Credit: TIFF
by Steven Warner Featured Film Genre Views

Silent Night | Camille Griffin

November 30, 2021

Silent Night is more holiday punishment than gift.

Featuring a floor-to-ceiling stacked cast and a festive setting and title, one might assume that Silent Night, the feature film debut from writer-director Camille Griffin, would be in the same vein as another beloved and meme-able English Christmas staple, Love, Actually — or at the very least, one of those star-studded, overstuffed holiday ensemble pieces Garry Marshall was cranking out at an almost alarming rate before his death in 2016. Yet those seeking any sort of yuletide comfort and joy should look elsewhere, as Silent Night is ultimately an apocalyptic tale detailing humanity’s final moments on Earth, as the family and friends gathered for a final Christmas dinner await deadly toxins from which there is no escape. Co-star Keira Knightley is no stranger to either scenario, having starred in both the aforementioned Love, Actually and the Armageddon-set romance Seeking a Friend for the End of the World; if you are going to combine the two, you might as well have an expert on-hand.

But more precisely, Silent Night is the English rendition of It’s a Disaster, in which both indie and mainstream stars trade barbed witticisms as the world crashes around them. Here, the jokes are much drier and oh-so-very British, even as insults are hurled and dirty laundry is aired. Knightley and Matthew Goode star as a bougie couple who invite their well-to-do friends to join them in their country home for one final Christmas Eve party, which will end with the guests taking government-provided pills that will gently send them into The Big Sleep before the poisonous air ravages their internal organs. The guests include a snotty bitch (Annabelle Wallis) and her milquetoast, ineffectual husband (Rufus Jones); a lesbian couple (Lucy Punch and Kirby Howell-Baptiste); a hot doctor (Sope Dirisu) and his obligatory American (and thereby, uncouth) girlfriend (Lily-Rose Depp); and some children (including Jojo Rabbit himself, Roman Griffin Davis). It’s unnecessary to provide names as everyone here is an archetype, defined solely by a few throwaway character traits, making it impossible to truly care what happens to them, regardless of a final stretch that piles on the pathos to an almost embarrassing degree. These people are all generally unlikeable, which seems appropriate given the circumstances, but it doesn’t always make for the most endearing of company, pushing the natural charms of the likes of Knightley and Punch to their absolute limits. Indeed, one wonders how Griffin was able to snag such an notable cast, considering the material is so very feeble, although at least young JoJo’s appearance makes sense upon learning that Griffin is his mother. The fact that his role consists of saying “fuck” every other word and undergoing severe emotional and physical trauma is a bit less explicable.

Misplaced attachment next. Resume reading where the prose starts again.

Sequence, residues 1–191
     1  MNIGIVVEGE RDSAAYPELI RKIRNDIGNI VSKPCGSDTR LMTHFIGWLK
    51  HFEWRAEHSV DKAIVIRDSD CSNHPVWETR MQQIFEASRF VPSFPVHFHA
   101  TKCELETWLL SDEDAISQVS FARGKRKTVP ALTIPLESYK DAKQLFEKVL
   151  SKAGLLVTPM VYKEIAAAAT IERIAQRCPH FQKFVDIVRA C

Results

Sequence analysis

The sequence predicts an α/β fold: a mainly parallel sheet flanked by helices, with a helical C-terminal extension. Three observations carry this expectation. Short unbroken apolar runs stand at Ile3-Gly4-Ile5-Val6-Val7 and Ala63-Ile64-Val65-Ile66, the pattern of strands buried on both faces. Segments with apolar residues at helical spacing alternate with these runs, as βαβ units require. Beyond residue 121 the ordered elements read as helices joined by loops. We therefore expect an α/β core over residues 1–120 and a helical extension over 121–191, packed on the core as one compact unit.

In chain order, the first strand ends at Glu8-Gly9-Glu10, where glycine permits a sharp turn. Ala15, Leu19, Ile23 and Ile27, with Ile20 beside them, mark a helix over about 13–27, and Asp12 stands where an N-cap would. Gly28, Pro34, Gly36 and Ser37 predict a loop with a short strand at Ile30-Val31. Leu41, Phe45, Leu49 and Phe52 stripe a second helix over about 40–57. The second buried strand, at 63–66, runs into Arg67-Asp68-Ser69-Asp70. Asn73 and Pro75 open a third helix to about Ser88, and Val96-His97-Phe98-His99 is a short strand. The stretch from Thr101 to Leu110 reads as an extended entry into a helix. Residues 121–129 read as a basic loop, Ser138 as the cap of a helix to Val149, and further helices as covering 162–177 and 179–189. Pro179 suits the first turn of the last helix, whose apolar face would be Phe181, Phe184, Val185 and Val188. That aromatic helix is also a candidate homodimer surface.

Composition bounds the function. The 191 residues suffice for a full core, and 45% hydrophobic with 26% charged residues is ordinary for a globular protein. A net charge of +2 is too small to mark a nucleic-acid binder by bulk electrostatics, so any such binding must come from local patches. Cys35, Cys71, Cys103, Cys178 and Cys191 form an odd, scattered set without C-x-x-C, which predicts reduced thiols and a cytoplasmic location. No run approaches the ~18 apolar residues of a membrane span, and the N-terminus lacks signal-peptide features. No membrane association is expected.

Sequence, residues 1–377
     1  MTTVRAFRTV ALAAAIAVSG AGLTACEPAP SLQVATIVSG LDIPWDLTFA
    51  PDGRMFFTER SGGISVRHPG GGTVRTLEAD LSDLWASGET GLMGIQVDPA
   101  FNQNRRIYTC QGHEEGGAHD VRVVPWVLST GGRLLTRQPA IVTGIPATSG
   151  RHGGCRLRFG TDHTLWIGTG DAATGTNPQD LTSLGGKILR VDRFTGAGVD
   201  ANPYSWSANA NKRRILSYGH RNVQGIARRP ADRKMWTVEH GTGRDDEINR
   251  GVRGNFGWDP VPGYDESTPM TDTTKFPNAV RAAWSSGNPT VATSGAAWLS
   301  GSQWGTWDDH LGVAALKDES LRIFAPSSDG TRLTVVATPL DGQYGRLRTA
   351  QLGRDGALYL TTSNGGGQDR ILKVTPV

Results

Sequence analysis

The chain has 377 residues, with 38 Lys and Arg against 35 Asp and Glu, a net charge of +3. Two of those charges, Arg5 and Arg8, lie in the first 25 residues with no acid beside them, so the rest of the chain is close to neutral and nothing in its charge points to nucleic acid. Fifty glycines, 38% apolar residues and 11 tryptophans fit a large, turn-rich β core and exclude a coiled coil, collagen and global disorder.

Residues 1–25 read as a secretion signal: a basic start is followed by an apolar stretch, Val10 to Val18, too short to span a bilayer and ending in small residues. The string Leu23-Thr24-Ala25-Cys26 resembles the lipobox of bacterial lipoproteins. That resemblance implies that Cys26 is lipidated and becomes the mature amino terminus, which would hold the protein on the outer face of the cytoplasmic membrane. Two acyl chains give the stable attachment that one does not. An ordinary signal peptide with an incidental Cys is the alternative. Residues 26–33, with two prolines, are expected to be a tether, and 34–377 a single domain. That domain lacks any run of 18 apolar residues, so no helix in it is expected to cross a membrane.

Silent Night has garnered a bit of controversy on the festival circuit due to its ending, which many view as an extreme example of anti-vaccination rhetoric, but given that the film was shot months before the COVID pandemic ravaged the planet, this seems like a case of unfortunate timing more than anything else, and really only distracts from the fact that the film’s final shot would be cheap and manipulative in any time, under any circumstances. Silent Night is the kind of film that thinks its cliched title — beyond the obvious irony of festive mood it suggests — is clever because its characters never shut up, but thanks to the whole death thing, they soon will. If you think that is ingenious, then you might have a new holiday favorite; everyone else can stick with Richard Curtis.

Originally published as part of TIFF 2021 — Dispatch 8.